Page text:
Nonviolent Revolution

From the May 2012 PNL #814

Jorgen Johansen

The nonviolent revolutions in Tunisia and Egypt dominated international news in early 2011. Given their adherence to the principles of nonviolence and massive public participation, the international media tells us these revolutionary movements are unique and extraordinary. They are in fact continued examples of the successful nonviolent revolutions that have taken place in recent decades.

In the past 30 years, almost every successful revolution that forced the old regime to step down has used nonviolent means. They used massive mobilization of ordinary people on the streets, strikes, and demonstrations to remove unpopular authoritarian governments in country after country, while the many armed and violent guerrilla movements of the time remained unsuccessful. The wide-ranging coverage of the Tunisian and Egyptian revolutions misses this crucial fact.

The man who owned this house in Beijing, China refused to move when the government wanted to build the “Bird Nest-sport stadium” for the 2008 Olympic games. It takes true courage for an individual to stand up against the Chinese Government! Photo: unknownThe man who owned this house in Beijing, China refused to move when the government wanted to build the “Bird Nest-sport stadium” for the 2008 Olympic games. It takes true courage for an individual to stand up against the Chinese Government! Photo: unknownI have analyzed these nonviolent movements and divided them into six groups, based on the types of international support received from a wide array of foreign actors. While each of these cases is unique and has its own background and context, they have a level of kinship that makes it reasonable to group them.

Beginning with Solidarity
The first wave of popular nonviolent uprisings started with Poland and the trade union Solidarity. The fight against the one-party communist system started in 1980 and ended in a victory in 1989. Bolivia, Uruguay and the Philippines followed in 1982, 1984 and 1986, respectively. For those movements to succeed, support from the international network of trade unions and the Catholic Church was crucial.

From 1989-1991, we saw the next wave of peaceful revolutions in former Soviet republics and Eastern Europe. The fall of the Berlin wall became the symbol of those success stories. Relatively strong civil societies, access to Western media, and economic problems of the crumbling states enabled the dismantling of one-party communist systems.

During the same period (1989-1991), a number of countries in French-speaking sub-Saharan Africa went through similar processes of nonviolent regime change. It started with Benin and then spread to a handful of other countries: Burkina Faso, Guinea, Senegal, Mali, and Malawi.

A crucial element in these cases was the presence of broad-based coalitions in national assemblies to discuss and formulate the future of the states. Most former French colonies celebrated the 300-year anniversary of the French revolution. Conferences, books, and special editions of journals had the anniversary as a key topic. Strong civil societies that cherished the ideals of the 1789 French revolution were key actors in those movements of change.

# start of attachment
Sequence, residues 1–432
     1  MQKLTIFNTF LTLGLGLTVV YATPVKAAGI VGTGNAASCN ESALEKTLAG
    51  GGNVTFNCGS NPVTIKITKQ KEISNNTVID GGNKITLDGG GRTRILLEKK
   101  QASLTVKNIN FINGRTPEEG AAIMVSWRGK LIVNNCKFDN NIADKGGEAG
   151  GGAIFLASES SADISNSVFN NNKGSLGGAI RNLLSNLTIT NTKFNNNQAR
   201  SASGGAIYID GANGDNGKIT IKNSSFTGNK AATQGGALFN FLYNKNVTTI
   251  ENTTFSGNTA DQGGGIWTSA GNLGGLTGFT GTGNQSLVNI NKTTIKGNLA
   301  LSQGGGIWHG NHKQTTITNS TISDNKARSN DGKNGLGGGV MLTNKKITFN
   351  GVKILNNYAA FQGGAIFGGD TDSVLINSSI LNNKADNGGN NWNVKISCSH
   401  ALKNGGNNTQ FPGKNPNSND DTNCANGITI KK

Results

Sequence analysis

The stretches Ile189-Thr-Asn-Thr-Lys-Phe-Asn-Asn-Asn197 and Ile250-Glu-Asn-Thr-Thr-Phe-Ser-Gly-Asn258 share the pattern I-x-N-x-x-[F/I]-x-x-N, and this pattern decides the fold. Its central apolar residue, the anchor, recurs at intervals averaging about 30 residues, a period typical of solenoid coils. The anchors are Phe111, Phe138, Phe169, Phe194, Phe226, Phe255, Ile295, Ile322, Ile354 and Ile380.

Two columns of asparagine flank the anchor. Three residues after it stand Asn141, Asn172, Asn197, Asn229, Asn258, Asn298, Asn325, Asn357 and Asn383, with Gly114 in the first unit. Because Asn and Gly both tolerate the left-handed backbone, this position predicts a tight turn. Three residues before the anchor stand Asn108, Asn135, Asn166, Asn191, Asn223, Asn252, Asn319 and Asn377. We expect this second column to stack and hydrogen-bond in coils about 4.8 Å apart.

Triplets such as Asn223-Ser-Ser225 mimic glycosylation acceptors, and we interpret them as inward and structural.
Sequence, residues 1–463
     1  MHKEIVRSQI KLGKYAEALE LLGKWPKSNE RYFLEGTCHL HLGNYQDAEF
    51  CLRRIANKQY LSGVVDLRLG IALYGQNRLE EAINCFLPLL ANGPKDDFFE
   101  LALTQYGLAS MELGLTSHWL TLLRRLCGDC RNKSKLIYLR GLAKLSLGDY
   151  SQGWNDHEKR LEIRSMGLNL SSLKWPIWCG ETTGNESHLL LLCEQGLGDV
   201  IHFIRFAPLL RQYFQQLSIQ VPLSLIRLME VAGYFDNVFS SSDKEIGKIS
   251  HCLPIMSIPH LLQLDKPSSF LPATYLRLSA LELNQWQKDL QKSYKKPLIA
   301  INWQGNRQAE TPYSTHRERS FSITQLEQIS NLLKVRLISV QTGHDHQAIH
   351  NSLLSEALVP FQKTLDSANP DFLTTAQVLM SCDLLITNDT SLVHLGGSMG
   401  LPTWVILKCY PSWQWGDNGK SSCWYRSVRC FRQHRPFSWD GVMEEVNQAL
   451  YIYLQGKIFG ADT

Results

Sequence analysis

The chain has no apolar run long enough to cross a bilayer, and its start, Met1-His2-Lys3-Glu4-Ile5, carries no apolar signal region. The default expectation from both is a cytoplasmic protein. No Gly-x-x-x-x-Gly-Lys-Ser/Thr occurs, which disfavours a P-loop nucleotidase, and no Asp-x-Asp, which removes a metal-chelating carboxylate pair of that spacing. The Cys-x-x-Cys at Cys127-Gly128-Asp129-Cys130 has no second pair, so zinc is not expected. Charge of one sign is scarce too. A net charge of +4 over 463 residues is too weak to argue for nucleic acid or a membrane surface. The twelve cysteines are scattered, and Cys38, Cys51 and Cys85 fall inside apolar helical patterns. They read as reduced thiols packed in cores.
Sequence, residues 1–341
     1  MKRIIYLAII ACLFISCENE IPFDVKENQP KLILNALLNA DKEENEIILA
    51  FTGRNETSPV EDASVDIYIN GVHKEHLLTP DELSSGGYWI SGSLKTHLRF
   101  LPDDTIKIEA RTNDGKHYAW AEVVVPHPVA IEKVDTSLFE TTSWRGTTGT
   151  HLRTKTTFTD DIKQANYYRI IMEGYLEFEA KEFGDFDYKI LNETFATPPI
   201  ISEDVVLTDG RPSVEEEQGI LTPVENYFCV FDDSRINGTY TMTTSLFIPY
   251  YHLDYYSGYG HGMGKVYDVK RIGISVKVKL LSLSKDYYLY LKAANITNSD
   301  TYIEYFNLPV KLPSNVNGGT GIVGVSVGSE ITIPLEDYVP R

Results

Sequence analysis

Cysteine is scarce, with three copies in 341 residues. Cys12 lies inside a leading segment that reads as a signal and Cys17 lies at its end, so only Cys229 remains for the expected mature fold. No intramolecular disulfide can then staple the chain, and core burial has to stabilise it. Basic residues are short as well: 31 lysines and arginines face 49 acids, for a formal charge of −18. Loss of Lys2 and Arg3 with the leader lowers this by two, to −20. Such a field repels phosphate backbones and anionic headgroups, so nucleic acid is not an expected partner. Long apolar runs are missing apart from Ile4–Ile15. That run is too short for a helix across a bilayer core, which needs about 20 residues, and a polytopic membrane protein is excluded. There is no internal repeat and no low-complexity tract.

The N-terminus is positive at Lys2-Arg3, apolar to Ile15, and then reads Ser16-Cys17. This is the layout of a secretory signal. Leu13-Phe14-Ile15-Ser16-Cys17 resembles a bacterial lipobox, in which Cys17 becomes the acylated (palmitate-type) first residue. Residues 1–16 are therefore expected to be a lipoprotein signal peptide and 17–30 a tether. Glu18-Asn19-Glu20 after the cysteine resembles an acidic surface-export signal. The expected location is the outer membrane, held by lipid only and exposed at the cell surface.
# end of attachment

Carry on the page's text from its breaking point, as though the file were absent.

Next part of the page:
From 2000 onwards the “colored revolutions” took place—starting in Serbia and then spreading to Georgia, Ukraine, Kyrgyzstan, and Lebanon, sparked by fraudulent national elections. Foreign support—monetary, strategical, and technical—played noteworthy roles in those revolutions.

The Arab Spring
The most recent wave of revolutions against authoritarian regimes started in Tunisia and then Egypt. The old regimes had to step down in the first months of 2011 and the complex and difficult processes of building of new states are continuing. Opposition movements call for regime change in Iran, Morocco, Bahrain, Djibouti, Qatar, Algeria, Syria, Jordan, Yemen, Oman, and Kuwait while Al Jazeera plays an important role as a source of information both inside and outside these countries. In most of these cases, little external support has been offered to opposition groups.

In Tunisia and Egypt, public anger and frustration reached a level where ordinary people had enough of poverty, emergency laws, censorship, police brutality and corruption. That was when they decided to confront the regime. In both these countries, Western support for the civil society and opposition groups was too little or none. It might well be the case that the lack of support from the outside world actually pushed the people to take desperate actions on the streets of Cairo and Tunis.

Revolutions take time. And when repressive regimes are successfully removed, serious problems arise as soon as the celebrations are over. The difficult task of replacing the old system is a crucial one. There are enormous differences between being in the opposition and being in power. That is why those who toppled the old regime may not be best prepared to run the country.

In the long run, a revolution is judged not on how the people celebrated the departure of the despots, but on how the new society functions months and years after the takeover. That is why we will have to wait for some time for a full-blown analysis on Tunisia and Egypt.

Jørgen is an academic, writer, and peace activist. This article was condensed and updated from a longer piece published in Seeds of New Hope: Pan-African Peace Studies for the Twenty-First Century. Check out a video of his recent presentation at Syracuse University on SPC’s YouTube channel.

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